War Office

(452 words)

Author(s): Pöhlmann, Markus
War Office The War Office was established by a cabinet order of November 1, 1916, to administer the Hindenburg Program initiated by the Operations Branch of the General Staff. The War Office was to centralize war economy measures and serve as the enforcement authority for the Auxiliary Service Bill. Officially placed beneath the Prussian War Ministry, it was a peculiar mix of military war-economy staff and civilian government boards. Lieutenant General Wilhelm Groener was named the War Office’s fi…

Macedonia

(926 words)

Author(s): Loulos, Konstantin
Macedonia With the outbreak of the First World War, the multinational region of Macedonia became a battlefield of the Great Powers. Germany’s strategic goal of advancing eastwards and maintaining an open route to Turkey led to the establishment of the Balkan Front. For the various peoples living in the Balkans, this simultaneously represented a continuation of the struggle for Macedonia. This struggle resulted from a number of factors: the emergence of nationalisms in the 19th century, the founding of national states, and the all too be…

War Interpretations

(2,359 words)

Author(s): Hüppauf, Bernd
War Interpretations During the first days of the World War people already began to suspect that this was not an ordinary conflict that might be seen as a continuation of 19th-century European wars. This perception of the war called for an interpretation, which the writers, intellectuals, philosophers, and scholars of all warring nations were only too willing to provide. The prominent public persons (though seldom women) of all major powers and of their former colonies …

Portugal

(649 words)

Author(s): Albes, Jens
Portugal When one of the first parliamentary republics in Europe was proclaimed in Portugal in 1910, the once rich colonial power sank to the level of an underdeveloped country, largely dependent on others. The First Republic proved unstable and by the end of 1926 the Portuguese had experienced seven parliamentary elections, 45 cabinet shuffles, eight state presidents, two dictatorships, 20 revolutions and 518 strikes. During the First World War (until 1917), power was mostly held by one-party De…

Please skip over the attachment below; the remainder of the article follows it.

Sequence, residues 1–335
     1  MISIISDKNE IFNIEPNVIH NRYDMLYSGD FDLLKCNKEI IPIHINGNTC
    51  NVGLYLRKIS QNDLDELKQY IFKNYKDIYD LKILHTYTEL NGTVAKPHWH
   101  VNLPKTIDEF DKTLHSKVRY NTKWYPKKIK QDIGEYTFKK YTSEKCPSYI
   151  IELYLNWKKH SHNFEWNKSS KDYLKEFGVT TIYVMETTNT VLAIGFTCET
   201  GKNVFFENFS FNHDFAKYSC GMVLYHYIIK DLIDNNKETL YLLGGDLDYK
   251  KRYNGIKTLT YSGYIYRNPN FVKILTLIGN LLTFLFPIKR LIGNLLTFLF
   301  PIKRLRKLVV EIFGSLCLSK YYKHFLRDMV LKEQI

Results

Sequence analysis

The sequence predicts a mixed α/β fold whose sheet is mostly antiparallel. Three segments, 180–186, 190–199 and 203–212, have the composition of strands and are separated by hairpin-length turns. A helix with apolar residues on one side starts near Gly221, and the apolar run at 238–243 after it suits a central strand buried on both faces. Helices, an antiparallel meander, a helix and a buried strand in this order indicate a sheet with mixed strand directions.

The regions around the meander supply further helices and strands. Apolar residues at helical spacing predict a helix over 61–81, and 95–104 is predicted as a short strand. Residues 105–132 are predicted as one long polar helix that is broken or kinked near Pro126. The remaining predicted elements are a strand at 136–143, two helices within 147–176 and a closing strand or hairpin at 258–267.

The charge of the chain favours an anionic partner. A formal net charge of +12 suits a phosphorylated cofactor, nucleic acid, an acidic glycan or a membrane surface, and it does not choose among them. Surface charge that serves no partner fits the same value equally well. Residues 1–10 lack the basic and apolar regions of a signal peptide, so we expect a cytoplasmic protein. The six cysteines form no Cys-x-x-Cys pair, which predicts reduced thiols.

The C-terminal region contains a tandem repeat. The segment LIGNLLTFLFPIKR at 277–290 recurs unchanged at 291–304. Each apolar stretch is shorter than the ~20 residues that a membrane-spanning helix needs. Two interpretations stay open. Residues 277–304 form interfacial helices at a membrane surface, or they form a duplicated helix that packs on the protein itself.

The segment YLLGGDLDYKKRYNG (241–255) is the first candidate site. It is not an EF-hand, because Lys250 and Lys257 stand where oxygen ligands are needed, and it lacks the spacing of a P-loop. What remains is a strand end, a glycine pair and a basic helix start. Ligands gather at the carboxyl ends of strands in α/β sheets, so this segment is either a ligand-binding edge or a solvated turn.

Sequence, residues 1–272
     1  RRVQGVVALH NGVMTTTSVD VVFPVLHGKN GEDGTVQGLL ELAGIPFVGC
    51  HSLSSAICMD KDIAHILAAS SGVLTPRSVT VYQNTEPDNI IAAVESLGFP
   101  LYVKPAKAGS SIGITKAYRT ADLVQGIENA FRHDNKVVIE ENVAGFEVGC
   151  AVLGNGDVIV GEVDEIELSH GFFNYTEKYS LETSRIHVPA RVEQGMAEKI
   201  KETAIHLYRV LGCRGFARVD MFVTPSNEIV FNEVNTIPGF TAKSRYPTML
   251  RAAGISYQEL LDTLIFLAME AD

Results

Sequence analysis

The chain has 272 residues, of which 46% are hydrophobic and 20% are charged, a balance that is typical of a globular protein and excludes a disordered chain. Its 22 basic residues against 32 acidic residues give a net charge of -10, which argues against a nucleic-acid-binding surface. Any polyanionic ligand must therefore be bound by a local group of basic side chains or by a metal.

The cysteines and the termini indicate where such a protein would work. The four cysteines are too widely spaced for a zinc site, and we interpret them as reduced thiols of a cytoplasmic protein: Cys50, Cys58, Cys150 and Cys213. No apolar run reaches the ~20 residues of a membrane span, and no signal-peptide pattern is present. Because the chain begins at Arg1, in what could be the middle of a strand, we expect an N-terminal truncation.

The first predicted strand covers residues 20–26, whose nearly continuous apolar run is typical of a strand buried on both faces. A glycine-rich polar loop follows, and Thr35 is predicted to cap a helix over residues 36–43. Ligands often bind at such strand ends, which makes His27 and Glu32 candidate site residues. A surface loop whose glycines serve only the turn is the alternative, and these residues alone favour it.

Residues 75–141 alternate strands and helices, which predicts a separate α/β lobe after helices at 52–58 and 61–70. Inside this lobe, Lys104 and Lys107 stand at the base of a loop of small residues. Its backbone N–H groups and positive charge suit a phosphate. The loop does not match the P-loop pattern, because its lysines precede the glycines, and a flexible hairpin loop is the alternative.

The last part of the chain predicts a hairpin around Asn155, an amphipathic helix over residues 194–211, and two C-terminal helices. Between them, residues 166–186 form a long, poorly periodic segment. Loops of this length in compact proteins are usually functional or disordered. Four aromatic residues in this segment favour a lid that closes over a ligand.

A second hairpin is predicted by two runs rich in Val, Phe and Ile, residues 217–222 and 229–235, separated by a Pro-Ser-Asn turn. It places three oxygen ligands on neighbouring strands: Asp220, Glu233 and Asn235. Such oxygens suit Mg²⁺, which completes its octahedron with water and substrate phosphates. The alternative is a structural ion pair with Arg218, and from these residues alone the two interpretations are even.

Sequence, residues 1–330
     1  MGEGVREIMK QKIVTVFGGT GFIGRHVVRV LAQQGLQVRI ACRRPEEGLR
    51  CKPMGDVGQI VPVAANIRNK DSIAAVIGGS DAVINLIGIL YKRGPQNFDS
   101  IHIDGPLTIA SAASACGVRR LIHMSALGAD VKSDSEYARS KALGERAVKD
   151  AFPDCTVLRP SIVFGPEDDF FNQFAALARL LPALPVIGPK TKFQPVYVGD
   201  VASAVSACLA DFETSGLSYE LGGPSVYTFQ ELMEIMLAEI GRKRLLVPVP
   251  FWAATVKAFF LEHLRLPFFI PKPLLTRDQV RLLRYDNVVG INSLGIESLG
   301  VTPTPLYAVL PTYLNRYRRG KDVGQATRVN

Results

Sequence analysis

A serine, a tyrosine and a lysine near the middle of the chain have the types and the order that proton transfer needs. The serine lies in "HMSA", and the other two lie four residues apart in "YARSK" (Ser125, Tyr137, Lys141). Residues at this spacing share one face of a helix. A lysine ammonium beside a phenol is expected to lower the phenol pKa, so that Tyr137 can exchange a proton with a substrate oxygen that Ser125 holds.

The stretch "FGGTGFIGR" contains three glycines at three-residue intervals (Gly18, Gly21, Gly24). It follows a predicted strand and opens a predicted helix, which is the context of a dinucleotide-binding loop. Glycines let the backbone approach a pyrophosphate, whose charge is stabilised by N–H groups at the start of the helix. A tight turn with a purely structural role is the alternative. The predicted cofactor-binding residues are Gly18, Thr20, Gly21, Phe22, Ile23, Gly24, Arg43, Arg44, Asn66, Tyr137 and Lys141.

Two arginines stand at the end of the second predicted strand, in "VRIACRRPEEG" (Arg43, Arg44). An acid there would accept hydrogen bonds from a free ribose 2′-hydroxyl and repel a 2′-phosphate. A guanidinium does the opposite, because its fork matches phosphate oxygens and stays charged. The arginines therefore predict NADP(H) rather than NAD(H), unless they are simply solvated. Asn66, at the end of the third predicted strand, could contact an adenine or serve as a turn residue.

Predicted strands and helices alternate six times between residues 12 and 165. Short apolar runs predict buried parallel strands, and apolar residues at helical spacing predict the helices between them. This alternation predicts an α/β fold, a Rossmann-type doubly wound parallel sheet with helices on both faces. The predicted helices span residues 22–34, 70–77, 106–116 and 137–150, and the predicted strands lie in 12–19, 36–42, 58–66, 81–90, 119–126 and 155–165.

Railroad Workers and World War I: Labor Hygiene and the Policies of Japanese National Railways

(8,593 words)

Author(s): Lim, Chaisung
Lim, Chaisung - Railroad Workers and World War I: Labor Hygiene and the Policies of Japanese National Railways ISFWWS-Keywords: Asia | Science, Technology, and Medicine | Economy | Society | Home fronts The Decade of the Great War Tosh Minohara , Tze-ki Hon and Evan Dawley , (2014) Publication Editor: Brill, The Netherlands, 2014 e-ISBN: 9789004274273 DOI: 10.1163/9789004274273_021 © 2014 Koninklijke Brill NV, Leiden, The Netherlands Lim, Chaisung

Denmark

(672 words)

Author(s): Bohn, Robert
Denmark Constitutional monarchy, ruler Christian X (ruled 1912–1947). Since the annexation of Schleswig-Holstein (1867) by the Prussian State, and the measures of Germanization in North Schleswig, the mood in Denmark had been decidedly anti-German. The army and navy were mobilized at the outbreak of war, owing to fears that, because of its control of access to routes to the Baltic, the country might become the target of British or German military operations. The Royal Navy, however, exercised res…

Barbarians

(892 words)

Author(s): Horne, John
Barbarians In all warring societies, the topic of the Barbarians played a central role. In this war, it seemed to hinge upon nothing less than the survival, and the critical importance of humankind. Thus, there developed a script that depicted the war as a conflict between one’s own, idealized nation and a demonized enemy. “Civilization” was thereby commonly juxtaposed against “Barbarity.” This dualism was a powerful concept for two reasons. First, the nation-states of the 19th century were defined through a cultural construct that defined one’s own natio…

Weber, Max

(849 words)